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Maisto 1:18 1952 Harley Davidson K Model, White

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$19.95
SKU:
L3-6-3-3435
UPC:
8719247537737
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Maisto 1:18 1952 Harley Davidson K Model, White

Maisto 1:18 1952 Harley Davidson K Model, White
$19.95

The Harley-Davidson Sportster is a line of motorcycles produced continuously since 1957 by Harley-Davidson. Sportster models are designated in Harley-Davidson's product code by beginning with "XL". In 1952, the predecessors to the Sportster, the Model K Sport and Sport Solo motorcycles, were introduced. These models K, KK, KH, and KHK of 1952 to 1956 had a sidevalve ('flat head') engine, whereas the later XL Sportster models use an overhead valve engine. The first Sportster in 1957 had many of the same details of the KH including the frame, fenders, large gas tank and front suspension.

Sportster motorcycles are powered by a four-stroke, 45° V-twin engine in which both connecting rods, of the "fork and blade" or "knife & fork" design, share a common crank pin. The original Sportster engine was the Ironhead engine, which was replaced with the Evolution engine in 1986. Sportster engines, the 45 cubic inch R, D, G & W Models 1929 side-valve motors, and the 'Big Twin' side-valve motors, which were: the flathead 74.0 cu in (1,213 cc) Models V, VL etc. (1930–1936), Models U and UL (1937–1948), and the 80.0 cu in (1,311 cc) models VH and VLH (1935–1936), models UH and ULH (1937–1941) have four separate cams, sporting one lobe per cam.

The cam followers used in Sportster engines, K models, big twin side valve models, and the side-valve W model series were a slightly shorter version of the followers used in the larger motors, but with the same 0.731-inch (18.6 mm) diameter body and 0.855-inch (21.7 mm) diameter roller follower since 1929. The company used similar cam followers for decades with minor changes, from 1929 to the 1980s.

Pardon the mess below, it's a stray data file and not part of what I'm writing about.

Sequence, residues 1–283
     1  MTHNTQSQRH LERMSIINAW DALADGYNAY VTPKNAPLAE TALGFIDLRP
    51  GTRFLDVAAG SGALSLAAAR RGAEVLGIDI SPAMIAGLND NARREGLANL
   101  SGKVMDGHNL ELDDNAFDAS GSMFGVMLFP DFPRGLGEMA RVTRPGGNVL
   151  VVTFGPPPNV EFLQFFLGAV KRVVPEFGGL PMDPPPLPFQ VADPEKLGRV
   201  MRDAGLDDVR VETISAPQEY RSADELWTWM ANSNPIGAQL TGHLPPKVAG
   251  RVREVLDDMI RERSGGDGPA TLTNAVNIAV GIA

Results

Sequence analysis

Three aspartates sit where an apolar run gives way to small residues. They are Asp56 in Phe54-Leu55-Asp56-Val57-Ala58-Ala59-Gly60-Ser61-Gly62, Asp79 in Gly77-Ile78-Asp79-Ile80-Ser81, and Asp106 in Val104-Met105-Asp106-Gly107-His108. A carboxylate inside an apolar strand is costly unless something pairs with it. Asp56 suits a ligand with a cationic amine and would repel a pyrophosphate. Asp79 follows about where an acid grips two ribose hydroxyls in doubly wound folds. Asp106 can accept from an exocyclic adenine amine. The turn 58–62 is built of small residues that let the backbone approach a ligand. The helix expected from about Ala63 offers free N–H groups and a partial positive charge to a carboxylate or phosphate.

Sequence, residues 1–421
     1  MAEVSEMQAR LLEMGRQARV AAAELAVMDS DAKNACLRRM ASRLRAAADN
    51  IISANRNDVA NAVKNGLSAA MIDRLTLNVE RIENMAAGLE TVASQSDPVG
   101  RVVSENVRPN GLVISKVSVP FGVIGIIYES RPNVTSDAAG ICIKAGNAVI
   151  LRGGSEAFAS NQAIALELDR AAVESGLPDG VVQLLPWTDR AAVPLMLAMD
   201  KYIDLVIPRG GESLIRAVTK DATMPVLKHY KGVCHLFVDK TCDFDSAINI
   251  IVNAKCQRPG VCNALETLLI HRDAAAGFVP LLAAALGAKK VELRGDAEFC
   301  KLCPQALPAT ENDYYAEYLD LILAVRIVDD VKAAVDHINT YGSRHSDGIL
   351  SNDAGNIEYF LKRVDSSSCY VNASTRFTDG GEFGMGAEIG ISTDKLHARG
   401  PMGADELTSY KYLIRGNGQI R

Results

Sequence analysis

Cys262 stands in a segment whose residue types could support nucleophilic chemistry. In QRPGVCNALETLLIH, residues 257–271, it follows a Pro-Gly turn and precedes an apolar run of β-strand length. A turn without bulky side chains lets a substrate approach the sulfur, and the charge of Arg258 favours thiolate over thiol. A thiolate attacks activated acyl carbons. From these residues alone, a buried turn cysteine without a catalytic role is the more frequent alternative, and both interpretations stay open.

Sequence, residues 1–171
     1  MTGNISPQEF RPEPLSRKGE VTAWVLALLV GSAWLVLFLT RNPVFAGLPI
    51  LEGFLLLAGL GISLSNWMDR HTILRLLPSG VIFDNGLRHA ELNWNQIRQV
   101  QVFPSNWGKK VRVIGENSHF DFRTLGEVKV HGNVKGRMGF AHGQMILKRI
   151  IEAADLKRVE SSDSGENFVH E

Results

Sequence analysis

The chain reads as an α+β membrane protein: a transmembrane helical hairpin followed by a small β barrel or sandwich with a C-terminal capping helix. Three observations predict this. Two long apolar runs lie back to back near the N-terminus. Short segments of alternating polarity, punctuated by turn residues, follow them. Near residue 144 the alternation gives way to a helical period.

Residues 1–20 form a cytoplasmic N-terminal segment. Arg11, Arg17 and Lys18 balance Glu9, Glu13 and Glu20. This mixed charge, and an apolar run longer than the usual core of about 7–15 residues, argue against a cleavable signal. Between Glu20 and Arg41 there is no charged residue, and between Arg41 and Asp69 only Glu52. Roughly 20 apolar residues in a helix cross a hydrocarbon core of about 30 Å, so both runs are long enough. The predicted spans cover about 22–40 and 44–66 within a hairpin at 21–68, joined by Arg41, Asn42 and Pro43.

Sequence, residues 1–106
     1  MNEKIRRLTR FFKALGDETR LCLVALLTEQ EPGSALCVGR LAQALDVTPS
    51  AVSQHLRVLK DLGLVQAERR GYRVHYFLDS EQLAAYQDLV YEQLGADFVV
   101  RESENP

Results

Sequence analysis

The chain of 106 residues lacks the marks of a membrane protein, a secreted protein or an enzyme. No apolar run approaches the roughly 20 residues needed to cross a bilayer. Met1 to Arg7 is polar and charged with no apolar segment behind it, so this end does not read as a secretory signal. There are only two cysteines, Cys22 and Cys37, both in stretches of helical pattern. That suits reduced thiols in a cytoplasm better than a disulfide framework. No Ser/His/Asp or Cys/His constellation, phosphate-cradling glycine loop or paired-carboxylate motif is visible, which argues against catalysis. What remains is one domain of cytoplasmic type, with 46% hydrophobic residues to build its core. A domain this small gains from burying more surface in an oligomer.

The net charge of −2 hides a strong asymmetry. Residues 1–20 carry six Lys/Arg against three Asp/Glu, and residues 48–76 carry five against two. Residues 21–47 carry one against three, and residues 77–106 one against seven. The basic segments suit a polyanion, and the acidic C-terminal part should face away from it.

Sportster engines retained the K/KH design crankcase design, in which the transmission is contained in the same casting as the engine, and driven by the engine with a triple-row #35 chain primary drive and a multi-plate cable-operated clutch. Models since 1991 have five speeds; 1990 and earlier models had four speeds.

The engine was mounted directly to the frame from 1957 through the 2003 model year. While this system allows the bike to be somewhat lighter with more precise handling, it also transmits engine vibration directly to the rider. In 2003 Harley Davidson produced a limited number of 100 year anniversary model sportsters. They are identified by the 100-year anniversary paint schemes and plaques attached to the tinware, speedo housing and also on the engine. Sportsters released in 2004 and later use rubber isolation mounts and tie links to limit engine movement to a single plane, which greatly reduces vibration felt by the rider. Buell motorcycles built with variants of the Sportster engine have used a rubber mount system since 1987.

The Model K, from which the Sportster evolved, was the first civilian motorcycle produced by Harley-Davidson with hydraulic shock absorbers on both wheels. Common usage calls this a K Model.

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